The judges said: “Simply outstanding investigative journalism covering one of the most shocking stories of our era. A strong understanding of traditional public interest value combined with the adoption of the latest technology in multi-media reporting.”
Highly commended: Alison Holt of BBC News, for work which included: “Poor children ‘more likely to be put in care’.”
The judges said: “This was a remarkable and awe-inspiring body of work with far-reaching impact. The supporting multi-media articles, such as the care calculator, are truly products of the BBC at its best and serve the public interest as well as being of huge interest to the public.”
Scoop of the Year
Winner: “Labour MP Keith Vaz and the prostitutes in his flat” by Nick Dorman for The Sunday Mirror.
The judges said: “This was the jaw dropping scoop of the year, totally backed up, brilliantly displayed and the one that made your eyes pop out of your head as you read it. A classic example of a newspaper exposing hypocrisy in the corridors of power.”
Global Investigation of the Year
Winner: “Abuse at the UN” by Karin Mattisson, Joachim Dyfwermark and Ola Christoffersson of Swedish Television’s Mission Investigate.
The judges said: “The UN is a big target and this investigation had huge impact. They found tand interviewed the victims in the Central African Republic, chased down the guilty parties and held those responsible to account.”
Investigation of the Year, sponsored by Transparency International
Winner: “Syria’s Disappeared: The Case Against Assad” by Lindsay Duncan, Nicola Cutcher, Sara Afshar and Callum Macrae for Channel 4 Dispatches.
The judges said: “The culmination of eighteen months of investigation, this documentary brought to light the hidden story of tens of thousands of Syrians disappeared by President Assad’s regime into a network of detention facilities.
“This investigation combined incredible research with poignant and moving testimonials. Powerful, shocking and impactful journalism combined with great story telling.”
Highly commended: Peter Apps and Inside Housing for “Revealed: fire spread linked to panels”.
The judges said: “This is the sort of vital investigative journalism in the public interest which we need more of.”
The Marie Colvin Prize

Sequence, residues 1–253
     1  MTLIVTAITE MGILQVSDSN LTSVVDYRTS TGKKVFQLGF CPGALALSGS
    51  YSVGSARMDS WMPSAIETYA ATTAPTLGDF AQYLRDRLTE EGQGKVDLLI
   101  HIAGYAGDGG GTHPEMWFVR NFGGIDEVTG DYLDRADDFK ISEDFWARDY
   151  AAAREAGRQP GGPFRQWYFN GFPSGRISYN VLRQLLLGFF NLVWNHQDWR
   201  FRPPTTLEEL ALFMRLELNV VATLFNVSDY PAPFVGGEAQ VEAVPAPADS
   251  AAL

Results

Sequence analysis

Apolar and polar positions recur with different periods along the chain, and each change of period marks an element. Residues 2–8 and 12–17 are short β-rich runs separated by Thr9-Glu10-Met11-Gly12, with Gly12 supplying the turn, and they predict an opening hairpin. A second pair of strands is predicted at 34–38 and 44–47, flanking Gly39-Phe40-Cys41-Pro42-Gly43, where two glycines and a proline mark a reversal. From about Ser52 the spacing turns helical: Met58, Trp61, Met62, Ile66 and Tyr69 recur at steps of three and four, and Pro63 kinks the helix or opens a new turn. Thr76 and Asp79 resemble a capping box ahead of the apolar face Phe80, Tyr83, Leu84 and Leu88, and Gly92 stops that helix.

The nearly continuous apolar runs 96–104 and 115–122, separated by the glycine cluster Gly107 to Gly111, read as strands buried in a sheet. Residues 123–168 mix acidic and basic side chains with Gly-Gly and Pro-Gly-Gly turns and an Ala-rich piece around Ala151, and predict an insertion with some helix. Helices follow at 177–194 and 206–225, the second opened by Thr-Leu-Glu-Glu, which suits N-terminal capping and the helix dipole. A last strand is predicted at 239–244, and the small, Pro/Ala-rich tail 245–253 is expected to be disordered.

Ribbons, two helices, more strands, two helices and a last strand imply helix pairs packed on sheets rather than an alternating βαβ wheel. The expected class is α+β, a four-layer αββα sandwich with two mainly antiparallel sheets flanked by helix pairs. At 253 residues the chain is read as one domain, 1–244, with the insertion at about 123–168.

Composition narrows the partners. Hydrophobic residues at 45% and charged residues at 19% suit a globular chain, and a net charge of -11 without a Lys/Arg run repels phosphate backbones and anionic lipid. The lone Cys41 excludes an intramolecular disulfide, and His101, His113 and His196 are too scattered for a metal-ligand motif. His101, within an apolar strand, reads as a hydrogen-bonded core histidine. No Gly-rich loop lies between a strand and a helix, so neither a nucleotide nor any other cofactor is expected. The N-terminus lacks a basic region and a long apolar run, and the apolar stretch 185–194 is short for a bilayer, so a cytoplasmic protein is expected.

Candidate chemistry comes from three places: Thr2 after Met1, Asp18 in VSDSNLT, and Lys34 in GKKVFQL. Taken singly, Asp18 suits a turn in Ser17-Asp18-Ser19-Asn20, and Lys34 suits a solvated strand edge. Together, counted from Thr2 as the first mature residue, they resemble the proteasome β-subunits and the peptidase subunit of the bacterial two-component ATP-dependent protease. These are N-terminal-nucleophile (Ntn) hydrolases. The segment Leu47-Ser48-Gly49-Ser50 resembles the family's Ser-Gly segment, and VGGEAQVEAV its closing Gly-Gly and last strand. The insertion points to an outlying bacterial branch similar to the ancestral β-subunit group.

Winner: Erika Solomon of the Financial Times
The judges said: “Financial Times Middle East reporter Erika Solomon approaches her subjects with the same humane curiosity as Marie did and she writes in the same way too, bringing out through subtle observation and understatement the way that people cope in the most terrible circumstances. This is foreign reporting at its best.
“Her reports were strong, original and showed huge bravery. She is 31, an up and coming reporter in Marie’s mould.
“It was notably brave of her to visit Baba Amr, the district of Homs where Marie died, during an epic journey around Syria for the third of these pieces.”
News Provider of the Year
Winner: Inside Housing
The judges said: “Inside Housing was the one news organisation which was fighting for the interests of Grenfell Tower residents before this summer’s disastrous fire.
“It highlighted the dangers posed to tower block safety by flammable cladding panels weeks before the Grenfell tragedy. It went on to carry out forensic, impactful and painstaking research into fire safety at tower blocks around the country.
“’Grenfell: The Paper Trail’ sifted through seven years of documents to expose a council which put saving money at the forefront when it come to refurbishing properties and which ignored a 2010 fire safety review.”
Journalist of the Year, sponsored by Gorkana Jobs
Winner: Nick Ferrari
The judges said: “Eschewing the hectoring style often associated with heavy-hitting political interviews, Nick Ferrari’s focus on the facts, ability to think on his feet and lightness of touch secured his status as a star performer during the 2017 election campaign. As well as his famous encounter with Diane Abbott he also secured headline-grabbing interviews with Theresa May and Tim Farron.
“In 2017 he launched the Guard Our Emergency Staff campaign which prompted a 100,000 signature petition and helped bring about the Assaults on Emergency Workers Bill.
“As the Grenfell Fire still smoldered he interviewed former Chief Fire officer Ronnie King who revealed the government’s failure to act on safety recommendations following the Lakanal House fire in 2009. Nick Ferrari is quite simply the 2017 journalist of the year.”